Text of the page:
• On brochures, letterhead and any other printed matter

3. Collect addresses in person. If you do public speaking or workshops, pass around a sign-up sheet to collect contact info. Or offer a prize drawing in exchange for business cards. I always grow my list handsomely with this technique when I have a booth at industry conferences. In each case, make it clear that respondents will receive a complimentary subscription to your newsletter; if they want to immediately “opt out” from your newsletter, have them write that on the back of their business card before they give it to you.

4. Submit articles. Online article directories are places that ezine publishers and others go to obtain free content. They are allowed to use articles in exchange for keeping intact the “bio box” at the bottom, which gives information about the author. These bio boxes should always include a link directing readers to sign up for your newsletter (in exchange for that irresistible offer you’ll be making).

5. Offer teleclasses, recorded/live interviews, preview classes, etc. These can be incredibly effective list-building tools, especially when they’re free. Include a little sentence on the registration page letting them know that by signing up for the class, they will receive a complimentary subscription to your ezine. My very first free teleclass, an interview with LinkedIn expert Chip Lambert, added 200 names to my list. Can you see how doing many of those would grow an email list exponentially faster than letting them just trickle in through your website?

6. Partner with others. This strategy extends your reach to the people who already have a relationship with your JV partner (i.e., that person’s list), as well as to those who are interested in that person or his/her topic. Again, using Chip Lambert as an example, the teleseminar was attended by people from his list and from many others curious about using LinkedIn to build a private practice. That netted me new names of people interested in building their private practice, just the perfect folks for my newsletter services.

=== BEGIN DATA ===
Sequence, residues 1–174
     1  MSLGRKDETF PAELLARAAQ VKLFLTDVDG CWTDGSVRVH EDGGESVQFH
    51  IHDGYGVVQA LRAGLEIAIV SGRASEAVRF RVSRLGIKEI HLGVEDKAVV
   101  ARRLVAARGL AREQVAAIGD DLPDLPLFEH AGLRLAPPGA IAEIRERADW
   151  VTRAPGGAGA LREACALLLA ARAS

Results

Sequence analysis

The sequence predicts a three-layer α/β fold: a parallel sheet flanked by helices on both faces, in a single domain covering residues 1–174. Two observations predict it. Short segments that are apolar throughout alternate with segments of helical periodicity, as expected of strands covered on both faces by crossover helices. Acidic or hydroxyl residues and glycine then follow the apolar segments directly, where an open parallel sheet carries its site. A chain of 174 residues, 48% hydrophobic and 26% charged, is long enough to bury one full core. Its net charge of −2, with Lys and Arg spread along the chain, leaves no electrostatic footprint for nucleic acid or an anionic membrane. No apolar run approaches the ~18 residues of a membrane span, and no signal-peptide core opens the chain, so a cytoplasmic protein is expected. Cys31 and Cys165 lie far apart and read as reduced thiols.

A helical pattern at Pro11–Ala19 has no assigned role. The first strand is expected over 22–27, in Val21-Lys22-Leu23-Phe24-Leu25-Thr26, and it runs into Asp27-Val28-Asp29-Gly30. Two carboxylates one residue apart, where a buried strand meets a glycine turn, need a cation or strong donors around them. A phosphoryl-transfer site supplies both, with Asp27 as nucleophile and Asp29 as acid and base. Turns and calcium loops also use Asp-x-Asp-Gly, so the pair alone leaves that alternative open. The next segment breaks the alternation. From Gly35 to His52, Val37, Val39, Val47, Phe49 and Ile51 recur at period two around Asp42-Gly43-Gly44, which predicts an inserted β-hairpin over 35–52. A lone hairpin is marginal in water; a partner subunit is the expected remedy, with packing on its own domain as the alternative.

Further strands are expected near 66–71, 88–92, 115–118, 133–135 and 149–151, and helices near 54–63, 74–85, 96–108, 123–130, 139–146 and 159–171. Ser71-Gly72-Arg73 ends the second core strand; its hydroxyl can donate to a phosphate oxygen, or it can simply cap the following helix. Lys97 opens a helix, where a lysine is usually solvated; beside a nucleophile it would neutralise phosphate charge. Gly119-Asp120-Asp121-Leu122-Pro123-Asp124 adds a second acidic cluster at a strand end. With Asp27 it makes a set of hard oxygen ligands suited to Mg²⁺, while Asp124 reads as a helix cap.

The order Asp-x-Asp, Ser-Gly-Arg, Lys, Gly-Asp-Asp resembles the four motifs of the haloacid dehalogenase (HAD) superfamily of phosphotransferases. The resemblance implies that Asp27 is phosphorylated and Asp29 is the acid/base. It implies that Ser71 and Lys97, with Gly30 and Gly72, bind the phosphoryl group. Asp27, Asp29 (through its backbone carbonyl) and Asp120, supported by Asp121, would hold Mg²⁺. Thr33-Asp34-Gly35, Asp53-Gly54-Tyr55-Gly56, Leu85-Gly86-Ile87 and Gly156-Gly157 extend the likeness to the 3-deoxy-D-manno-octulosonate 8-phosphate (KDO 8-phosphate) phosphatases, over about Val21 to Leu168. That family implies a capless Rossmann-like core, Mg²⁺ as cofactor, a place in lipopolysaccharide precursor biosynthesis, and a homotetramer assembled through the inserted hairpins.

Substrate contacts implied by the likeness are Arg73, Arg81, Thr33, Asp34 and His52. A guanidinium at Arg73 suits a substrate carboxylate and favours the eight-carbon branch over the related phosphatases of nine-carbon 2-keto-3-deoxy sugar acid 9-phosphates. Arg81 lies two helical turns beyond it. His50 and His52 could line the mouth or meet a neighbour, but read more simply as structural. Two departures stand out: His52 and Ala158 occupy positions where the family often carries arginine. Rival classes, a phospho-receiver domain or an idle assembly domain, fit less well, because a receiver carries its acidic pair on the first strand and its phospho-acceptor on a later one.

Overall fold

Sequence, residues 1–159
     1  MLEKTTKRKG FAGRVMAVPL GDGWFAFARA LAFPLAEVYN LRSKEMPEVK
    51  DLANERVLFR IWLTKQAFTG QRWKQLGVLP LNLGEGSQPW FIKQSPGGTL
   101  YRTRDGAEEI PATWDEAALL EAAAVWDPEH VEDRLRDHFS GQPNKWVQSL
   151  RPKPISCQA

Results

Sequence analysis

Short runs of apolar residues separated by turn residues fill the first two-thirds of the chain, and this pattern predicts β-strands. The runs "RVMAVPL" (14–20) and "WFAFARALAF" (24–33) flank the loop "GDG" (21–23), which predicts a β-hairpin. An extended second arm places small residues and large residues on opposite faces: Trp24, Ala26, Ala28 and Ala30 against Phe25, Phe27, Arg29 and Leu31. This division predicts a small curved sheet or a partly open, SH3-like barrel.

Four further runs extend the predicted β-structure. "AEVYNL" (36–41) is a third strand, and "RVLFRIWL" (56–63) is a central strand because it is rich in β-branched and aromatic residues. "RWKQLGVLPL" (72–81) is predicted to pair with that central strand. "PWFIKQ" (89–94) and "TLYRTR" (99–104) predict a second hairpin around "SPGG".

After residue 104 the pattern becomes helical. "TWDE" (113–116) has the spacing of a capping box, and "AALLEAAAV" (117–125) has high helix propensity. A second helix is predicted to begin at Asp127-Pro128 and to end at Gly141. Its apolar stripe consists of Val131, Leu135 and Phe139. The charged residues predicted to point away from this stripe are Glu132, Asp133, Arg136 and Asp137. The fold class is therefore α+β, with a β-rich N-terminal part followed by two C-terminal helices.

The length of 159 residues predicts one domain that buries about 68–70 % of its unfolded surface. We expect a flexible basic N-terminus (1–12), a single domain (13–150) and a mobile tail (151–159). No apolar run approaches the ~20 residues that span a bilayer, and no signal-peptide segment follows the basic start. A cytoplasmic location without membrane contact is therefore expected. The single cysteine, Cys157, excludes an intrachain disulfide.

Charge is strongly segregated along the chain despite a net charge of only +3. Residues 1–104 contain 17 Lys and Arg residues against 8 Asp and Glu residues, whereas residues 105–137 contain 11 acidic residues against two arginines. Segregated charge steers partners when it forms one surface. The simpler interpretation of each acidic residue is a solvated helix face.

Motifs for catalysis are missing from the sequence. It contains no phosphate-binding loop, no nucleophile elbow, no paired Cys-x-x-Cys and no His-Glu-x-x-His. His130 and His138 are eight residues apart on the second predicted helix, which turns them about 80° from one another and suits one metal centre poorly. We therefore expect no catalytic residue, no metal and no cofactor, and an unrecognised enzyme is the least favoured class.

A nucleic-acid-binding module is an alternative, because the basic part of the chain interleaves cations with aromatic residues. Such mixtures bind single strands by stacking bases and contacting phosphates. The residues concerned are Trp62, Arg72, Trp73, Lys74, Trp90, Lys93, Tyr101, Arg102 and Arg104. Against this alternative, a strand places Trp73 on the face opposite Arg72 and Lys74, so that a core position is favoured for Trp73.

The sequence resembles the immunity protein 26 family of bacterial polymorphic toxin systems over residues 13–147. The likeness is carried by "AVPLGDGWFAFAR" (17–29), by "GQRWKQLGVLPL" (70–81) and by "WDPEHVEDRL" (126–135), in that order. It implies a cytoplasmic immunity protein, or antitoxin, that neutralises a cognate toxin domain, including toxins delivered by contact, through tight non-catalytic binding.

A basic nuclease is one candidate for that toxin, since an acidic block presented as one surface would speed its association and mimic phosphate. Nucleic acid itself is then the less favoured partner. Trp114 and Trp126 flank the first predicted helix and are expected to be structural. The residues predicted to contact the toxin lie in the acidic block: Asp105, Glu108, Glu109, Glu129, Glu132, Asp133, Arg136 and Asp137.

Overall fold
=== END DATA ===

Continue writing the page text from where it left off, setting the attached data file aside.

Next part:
Co-registration is another way to partner with others who serve the same market in order to grow your list. In this tactic, visitors signing up for a free subscription or other service at one website are offered the chance to opt-in to other offers on the “thank-you page” that appears after the initial registration. In other words, visitors are given the chance to opt-in to multiple publications or lists at the same time.

Don’t Forget This!
With any of these list-building strategies (and there are many, many more), the underlying assumption is that you will always provide for easy unsubscribing.

And keep in mind that your goal in growing your contact list is not sheer numbers, but people who are at least in the ballpark of your target market. The more targeted and “qualified” your list is, the more responsive it will be to the messages you share in your newsletters and other communications.

List building doesn’t happen overnight, but it can happen faster when you put some strategic thought—and then ACTION!—into it.


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it space just for making right